Here’s The Odd Way Audiences Experienced ‘Clue’ 30 Years Ago

The 1985 film Clue, based on the popular Parker Brothers board game released in 1949, was an abysmal failure at the box office when it debuted 30 years ago this week. With an estimated budget of $15 million, the movie grossed precisely $14,643,997 in the United States — meaning that it wasn’t going to be making back its full investment (nor a profit) in theaters.

Even so, Clue has since developed quite the cult following. While most will assume this has something to do with Tim Curry’s penchant for starring in cult favorites, it also owes something to the movie’s unusual multiple endings. Three different endings exist, and each presents a unique outcome for all the twists, turns and murders that stem from the death of Mr. Boddy.

Most modern-day fans of the film have seen all three, and that’s because the VHS and DVD releases played all of them back-to-back. The first two, dubbed Endings A and B during the film’s theatrical run, are presented as possible outcomes to the dinner party-turned-murder investigation. After Ending B reveals Mrs. Peacock to be the killer, however, the screen indicates Ending C is really how things played out. That every single dinner guest committed one of the murders and the butler Wadsworth (Curry), who is the real Mr. Boddy, is going to blackmail them.

Audiences lucky enough to catch Clue in theaters didn’t experience this cut. Instead, moviegoers were treated to only one of the three endings made for the film, and whether they saw A, B or C depended on which theater they attended.

“[John Landis] thought it would be really great box office,” director Jonathan Lynn told BuzzFeed. “He thought that what would happen was that people, having enjoyed the film so much, would then go back and pay again and see the other endings.”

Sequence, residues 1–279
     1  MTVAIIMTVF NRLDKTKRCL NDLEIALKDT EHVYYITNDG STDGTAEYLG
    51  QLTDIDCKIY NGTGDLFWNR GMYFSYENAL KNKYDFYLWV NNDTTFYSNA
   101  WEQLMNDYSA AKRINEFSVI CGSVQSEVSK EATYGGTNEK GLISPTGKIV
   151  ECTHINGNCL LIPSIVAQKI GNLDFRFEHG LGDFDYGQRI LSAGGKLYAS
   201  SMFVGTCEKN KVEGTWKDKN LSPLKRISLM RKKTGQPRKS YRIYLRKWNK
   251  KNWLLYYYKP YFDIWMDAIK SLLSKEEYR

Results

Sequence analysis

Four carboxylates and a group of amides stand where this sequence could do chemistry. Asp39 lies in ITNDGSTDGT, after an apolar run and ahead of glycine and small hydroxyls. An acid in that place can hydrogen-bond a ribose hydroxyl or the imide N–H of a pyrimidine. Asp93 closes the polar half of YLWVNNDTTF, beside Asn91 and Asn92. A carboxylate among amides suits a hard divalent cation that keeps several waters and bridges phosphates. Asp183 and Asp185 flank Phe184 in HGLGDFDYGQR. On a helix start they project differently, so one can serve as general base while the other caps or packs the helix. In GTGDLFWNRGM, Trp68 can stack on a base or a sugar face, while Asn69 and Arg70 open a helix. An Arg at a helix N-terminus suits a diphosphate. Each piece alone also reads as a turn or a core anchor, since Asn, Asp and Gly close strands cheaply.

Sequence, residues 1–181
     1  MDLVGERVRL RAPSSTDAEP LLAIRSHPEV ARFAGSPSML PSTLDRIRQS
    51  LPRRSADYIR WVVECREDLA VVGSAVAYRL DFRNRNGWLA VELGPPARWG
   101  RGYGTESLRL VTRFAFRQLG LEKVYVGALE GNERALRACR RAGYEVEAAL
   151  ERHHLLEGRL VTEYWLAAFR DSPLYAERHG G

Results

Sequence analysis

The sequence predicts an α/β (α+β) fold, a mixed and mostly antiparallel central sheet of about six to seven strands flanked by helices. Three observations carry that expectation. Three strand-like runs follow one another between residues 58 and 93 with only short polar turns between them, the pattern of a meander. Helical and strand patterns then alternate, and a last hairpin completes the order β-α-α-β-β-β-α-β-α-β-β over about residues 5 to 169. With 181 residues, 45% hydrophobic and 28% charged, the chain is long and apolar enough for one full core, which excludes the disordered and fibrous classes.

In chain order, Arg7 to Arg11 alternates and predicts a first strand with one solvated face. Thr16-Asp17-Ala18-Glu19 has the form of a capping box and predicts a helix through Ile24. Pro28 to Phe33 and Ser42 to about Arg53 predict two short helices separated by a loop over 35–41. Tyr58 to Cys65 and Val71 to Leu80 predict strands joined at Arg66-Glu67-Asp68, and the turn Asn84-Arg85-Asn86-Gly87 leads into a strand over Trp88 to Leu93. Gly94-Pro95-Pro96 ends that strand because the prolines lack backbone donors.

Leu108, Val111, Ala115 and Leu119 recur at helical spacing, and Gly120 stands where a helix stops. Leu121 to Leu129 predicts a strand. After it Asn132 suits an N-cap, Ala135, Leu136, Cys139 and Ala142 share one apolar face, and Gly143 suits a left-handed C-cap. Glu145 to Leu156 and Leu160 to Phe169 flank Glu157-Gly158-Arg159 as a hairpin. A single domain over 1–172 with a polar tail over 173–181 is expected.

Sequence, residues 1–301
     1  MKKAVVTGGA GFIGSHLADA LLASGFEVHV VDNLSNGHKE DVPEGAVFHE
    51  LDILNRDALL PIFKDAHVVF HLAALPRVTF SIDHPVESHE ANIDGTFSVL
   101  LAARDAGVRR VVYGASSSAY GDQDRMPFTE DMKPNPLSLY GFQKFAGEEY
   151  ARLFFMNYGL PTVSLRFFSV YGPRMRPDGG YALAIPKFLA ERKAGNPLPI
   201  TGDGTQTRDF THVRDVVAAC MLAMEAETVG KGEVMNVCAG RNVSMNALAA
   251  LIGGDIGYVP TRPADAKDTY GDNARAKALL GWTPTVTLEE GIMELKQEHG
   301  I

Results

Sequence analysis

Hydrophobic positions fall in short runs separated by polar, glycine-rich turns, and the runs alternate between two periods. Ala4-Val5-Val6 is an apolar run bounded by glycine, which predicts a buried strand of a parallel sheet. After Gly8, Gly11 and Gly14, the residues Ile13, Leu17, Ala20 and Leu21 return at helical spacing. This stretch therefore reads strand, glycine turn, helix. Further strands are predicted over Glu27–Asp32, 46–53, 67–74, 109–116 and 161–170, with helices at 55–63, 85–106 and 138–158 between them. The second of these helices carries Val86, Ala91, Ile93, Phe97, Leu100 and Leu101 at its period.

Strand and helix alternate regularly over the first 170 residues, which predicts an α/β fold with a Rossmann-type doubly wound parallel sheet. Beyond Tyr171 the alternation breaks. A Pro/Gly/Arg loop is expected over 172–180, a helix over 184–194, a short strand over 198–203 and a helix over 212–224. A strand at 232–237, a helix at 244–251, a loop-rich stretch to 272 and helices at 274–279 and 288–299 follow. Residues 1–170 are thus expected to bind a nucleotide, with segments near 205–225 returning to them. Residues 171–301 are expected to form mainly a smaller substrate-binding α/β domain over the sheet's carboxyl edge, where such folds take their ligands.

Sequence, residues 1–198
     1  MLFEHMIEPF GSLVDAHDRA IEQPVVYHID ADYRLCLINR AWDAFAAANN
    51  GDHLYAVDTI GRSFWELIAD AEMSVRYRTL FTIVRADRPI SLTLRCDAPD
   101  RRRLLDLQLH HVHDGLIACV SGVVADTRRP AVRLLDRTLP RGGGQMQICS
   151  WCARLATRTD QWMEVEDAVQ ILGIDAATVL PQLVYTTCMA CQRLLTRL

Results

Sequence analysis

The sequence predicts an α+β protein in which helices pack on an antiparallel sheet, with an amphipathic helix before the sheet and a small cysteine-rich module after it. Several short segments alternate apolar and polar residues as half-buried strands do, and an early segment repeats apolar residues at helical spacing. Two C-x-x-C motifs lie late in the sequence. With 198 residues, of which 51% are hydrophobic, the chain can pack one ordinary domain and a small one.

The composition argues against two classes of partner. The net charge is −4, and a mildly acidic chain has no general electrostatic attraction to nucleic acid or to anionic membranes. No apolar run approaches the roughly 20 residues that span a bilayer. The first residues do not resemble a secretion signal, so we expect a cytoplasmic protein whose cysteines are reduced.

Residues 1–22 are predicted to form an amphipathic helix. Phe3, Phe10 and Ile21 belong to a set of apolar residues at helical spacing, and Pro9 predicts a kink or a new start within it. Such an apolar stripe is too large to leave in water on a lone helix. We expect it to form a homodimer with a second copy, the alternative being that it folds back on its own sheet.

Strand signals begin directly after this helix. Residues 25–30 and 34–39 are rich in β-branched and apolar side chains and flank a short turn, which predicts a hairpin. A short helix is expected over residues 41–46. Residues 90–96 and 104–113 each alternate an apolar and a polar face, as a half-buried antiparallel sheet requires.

Unfortunately, Landis — the director who co-wrote and executive produced Clue — and the studios were completely wrong about there being any box office appeal for a film with three endings. As Lynn explained, “The audience decided they didn’t know which ending to go to, so they didn’t go at all.”

The film’s poor reviews were another indication as to why Clue did so poorly in theaters. Film critic Roger Ebert wrote, “They’re playing each of the endings in a third of the theaters where the movie is booked. If this were a better movie, that might mean you’d have to drive all over town and buy three tickets to see all the endings.”

Considering the two stars he gave Clue, Ebert wasn’t a huge fan of the flick. Nor was New York Times film critic Janet Maslin, who wrote that “while the multiple-ending device does not seem strictly a gimmick, neither is it very helpful in allowing for a clear and interesting solution to the small crime wave the screenplay sets in motion.”  Yet Ebert acknowledged the significance of the studio’s strategy for showing and marketing an otherwise typical film fitted with an unusual number of conclusions. It wasn’t something most distributors would do, and its novelty deserved recognition. “The way Paramount is handling its multiple endings is ingenious,” he said.